FOR Albion Park Rail's Melissa Smith, having a child with a disability led to an international search for information and a decade-long push for inclusion.
Ms Smith has three children, Isabella, 13, Lili, 10, and Jett, 8. Lili was born with an extremely rare brain disorder, complete agenesis of the corpus callosum (ACC).
Affecting only about five out every million children, the condition means that the corpus callosum, the band of white matter that connects the two hemispheres of the brain, does not form while the child is in the womb.
Lili also lives with the neurological disorder microcephaly, as well as epilepsy.
Since Lili's diagnosis at the age of eight months, Ms Smith has spent much of her time trying to give her daughter the most normal life possible.
"When she was diagnosed I couldn't find any information in Australia, but in 2005 we went to a conference in America and found a support group over there and met a lot of people who were going through a similar situation," Ms Smith said.
"Previous to that all I had heard was from doctors saying that the best we could hope for would be that she would be in a wheelchair and things like that, but to me she's just like any other kid, they're all different and I focus on her abilities and what she can do.
"I've fought hard for her inclusion so that she could go to the same school as her brother and sister and be in a mainstream class so that she can experience the things all kids experience.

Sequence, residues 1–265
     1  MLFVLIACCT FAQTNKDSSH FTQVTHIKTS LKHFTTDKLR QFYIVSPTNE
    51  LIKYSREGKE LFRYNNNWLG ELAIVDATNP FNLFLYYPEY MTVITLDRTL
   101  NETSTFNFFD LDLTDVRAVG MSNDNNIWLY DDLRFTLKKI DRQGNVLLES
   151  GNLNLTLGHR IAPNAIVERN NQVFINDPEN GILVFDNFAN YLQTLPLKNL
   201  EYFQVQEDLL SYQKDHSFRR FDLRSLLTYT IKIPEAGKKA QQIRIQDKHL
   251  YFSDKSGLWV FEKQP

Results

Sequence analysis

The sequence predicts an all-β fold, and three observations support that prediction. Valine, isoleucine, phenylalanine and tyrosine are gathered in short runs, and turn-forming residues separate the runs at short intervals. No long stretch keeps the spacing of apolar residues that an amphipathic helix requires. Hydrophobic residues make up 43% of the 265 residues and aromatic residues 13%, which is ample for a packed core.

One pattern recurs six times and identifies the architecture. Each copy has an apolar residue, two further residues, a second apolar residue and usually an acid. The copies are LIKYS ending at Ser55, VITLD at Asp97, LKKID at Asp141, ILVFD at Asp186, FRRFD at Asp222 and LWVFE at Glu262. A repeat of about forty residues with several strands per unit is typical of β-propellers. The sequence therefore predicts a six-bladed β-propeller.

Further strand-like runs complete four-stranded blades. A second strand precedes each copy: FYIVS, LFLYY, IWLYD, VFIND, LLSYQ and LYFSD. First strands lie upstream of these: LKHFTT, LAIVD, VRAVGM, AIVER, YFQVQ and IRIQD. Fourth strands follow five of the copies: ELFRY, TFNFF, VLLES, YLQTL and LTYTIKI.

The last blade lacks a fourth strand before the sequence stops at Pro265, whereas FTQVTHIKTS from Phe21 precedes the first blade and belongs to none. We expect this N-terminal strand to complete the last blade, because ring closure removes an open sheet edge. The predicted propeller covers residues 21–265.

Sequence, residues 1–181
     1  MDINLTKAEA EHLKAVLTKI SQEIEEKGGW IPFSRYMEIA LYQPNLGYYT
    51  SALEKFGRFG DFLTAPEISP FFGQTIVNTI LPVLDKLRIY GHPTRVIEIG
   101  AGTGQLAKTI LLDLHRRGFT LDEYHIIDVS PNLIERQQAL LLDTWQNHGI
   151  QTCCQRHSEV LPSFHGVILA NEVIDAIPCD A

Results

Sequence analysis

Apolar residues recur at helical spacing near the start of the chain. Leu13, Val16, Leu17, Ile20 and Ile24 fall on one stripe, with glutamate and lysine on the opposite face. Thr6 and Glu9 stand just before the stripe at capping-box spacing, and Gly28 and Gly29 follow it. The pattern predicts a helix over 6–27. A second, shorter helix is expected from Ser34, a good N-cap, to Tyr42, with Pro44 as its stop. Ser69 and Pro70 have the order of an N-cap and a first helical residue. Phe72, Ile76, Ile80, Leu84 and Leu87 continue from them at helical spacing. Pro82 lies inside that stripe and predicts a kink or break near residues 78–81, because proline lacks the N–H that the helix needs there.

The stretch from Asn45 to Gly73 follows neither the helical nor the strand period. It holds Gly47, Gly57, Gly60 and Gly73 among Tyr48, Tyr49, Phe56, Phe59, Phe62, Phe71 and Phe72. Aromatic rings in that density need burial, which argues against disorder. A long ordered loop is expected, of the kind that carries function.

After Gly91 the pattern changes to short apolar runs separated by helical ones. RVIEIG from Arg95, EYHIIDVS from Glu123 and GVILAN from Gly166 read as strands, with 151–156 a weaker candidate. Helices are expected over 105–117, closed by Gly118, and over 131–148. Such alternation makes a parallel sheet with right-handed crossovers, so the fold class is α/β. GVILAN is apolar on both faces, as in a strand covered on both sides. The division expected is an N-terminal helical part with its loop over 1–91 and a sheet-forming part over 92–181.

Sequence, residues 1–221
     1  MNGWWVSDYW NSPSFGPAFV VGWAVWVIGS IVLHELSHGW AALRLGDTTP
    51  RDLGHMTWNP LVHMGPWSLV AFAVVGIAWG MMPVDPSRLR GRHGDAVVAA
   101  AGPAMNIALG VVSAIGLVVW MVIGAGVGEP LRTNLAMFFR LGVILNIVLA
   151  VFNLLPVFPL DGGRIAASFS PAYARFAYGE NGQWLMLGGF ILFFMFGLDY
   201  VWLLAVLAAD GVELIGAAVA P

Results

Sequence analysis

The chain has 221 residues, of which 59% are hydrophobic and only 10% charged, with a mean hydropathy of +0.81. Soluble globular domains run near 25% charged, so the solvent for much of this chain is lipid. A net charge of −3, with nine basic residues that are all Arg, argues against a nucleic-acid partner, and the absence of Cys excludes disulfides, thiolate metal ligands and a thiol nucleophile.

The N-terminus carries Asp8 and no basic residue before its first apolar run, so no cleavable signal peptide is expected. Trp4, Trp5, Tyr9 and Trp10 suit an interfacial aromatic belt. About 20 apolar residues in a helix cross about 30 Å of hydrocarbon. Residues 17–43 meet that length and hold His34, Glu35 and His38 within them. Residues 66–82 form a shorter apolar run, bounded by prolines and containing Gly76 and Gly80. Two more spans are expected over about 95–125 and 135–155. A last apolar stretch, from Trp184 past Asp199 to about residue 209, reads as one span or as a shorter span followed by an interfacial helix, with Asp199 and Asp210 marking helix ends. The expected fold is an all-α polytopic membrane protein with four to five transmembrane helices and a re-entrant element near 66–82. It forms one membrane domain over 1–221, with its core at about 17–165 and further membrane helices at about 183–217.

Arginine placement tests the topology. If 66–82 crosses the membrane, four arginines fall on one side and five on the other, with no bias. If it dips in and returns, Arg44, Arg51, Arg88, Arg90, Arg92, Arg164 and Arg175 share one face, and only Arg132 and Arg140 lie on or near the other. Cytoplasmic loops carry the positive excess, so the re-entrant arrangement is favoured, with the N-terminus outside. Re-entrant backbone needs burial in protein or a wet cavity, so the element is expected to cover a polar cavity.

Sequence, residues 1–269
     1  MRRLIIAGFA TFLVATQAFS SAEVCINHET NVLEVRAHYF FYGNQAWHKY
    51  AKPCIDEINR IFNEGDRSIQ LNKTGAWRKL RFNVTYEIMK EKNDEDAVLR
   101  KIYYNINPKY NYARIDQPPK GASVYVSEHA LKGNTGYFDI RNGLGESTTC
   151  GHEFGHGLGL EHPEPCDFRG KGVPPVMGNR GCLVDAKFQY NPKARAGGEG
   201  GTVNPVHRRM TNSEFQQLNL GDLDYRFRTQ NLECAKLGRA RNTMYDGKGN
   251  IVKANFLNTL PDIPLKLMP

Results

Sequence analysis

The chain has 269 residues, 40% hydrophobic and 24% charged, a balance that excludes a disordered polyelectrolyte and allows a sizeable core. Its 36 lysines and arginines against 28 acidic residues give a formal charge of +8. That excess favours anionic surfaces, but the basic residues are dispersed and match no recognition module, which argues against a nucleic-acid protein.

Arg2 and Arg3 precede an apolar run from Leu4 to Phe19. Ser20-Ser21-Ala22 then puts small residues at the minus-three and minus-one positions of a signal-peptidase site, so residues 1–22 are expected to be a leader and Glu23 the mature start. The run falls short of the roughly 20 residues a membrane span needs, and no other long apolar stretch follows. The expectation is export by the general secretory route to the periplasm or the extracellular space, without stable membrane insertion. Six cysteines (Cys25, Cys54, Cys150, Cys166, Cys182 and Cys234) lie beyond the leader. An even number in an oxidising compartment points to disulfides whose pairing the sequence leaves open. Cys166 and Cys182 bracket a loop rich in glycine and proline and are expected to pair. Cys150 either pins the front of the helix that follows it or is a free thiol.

"We'll go down to the supermarket and because Lili gets overwhelmed in that environment she gets upset and because she's in a wheelchair we get curious people staring, what we would like people to know is that it's better to say hello and ask a question rather than pull away your child if they're curious as this instils fear and highlights she's different. While Ms Smith has tried to keep Lili's life as normal as possible, her conditions do pose some challenges. Children's charity Variety has made one of them easier, providing assistance for the Smiths to modify their car to hold Lili's wheelchair.
"It can be really expensive to modify a car to hold a wheelchair," Ms Smith said.
"First you have to make sure you have the right car and then you have to do the modification as well, and there's no government assistance available for that."
Ms Smith is now also using her experience to help others who might find themselves in a similar situation, helping to found ausDoCC, a support group for people affected by corpus callosum disorders as well as speaking at relevant conferences, workshops and serving on a volunteer board.
The group now has 180 members across Australia and aims to unite, support and advocate for those affected by corpus callosum disorders.
In an effort to raise much-needed funds to help families like the Smiths, Variety will be auctioning a house in Bomaderry on Saturday, May 24.
The house was built in just over six months, with the local G.J Gardener Homes franchise and other tradespeople donating their time and effort.
■ For more information on the house and auction, head to variety.org.au.